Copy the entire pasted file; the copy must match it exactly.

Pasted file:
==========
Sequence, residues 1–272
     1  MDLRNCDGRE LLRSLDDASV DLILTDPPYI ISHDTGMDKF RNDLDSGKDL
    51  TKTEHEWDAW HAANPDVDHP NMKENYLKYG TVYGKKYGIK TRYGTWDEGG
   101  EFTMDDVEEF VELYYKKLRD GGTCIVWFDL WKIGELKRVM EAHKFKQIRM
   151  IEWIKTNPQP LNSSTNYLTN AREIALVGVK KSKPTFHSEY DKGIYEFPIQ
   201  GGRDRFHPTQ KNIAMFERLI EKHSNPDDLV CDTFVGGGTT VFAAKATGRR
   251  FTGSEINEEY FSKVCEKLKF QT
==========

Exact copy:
Sequence, residues 1–272
     1  MDLRNCDGRE LLRSLDDASV DLILTDPPYI ISHDTGMDKF RNDLDSGKDL
    51  TKTEHEWDAW HAANPDVDHP NMKENYLKYG TVYGKKYGIK TRYGTWDEGG
   101  EFTMDDVEEF VELYYKKLRD GGTCIVWFDL WKIGELKRVM EAHKFKQIRM
   151  IEWIKTNPQP LNSSTNYLTN AREIALVGVK KSKPTFHSEY DKGIYEFPIQ
   201  GGRDRFHPTQ KNIAMFERLI EKHSNPDDLV CDTFVGGGTT VFAAKATGRR
   251  FTGSEINEEY FSKVCEKLKF QT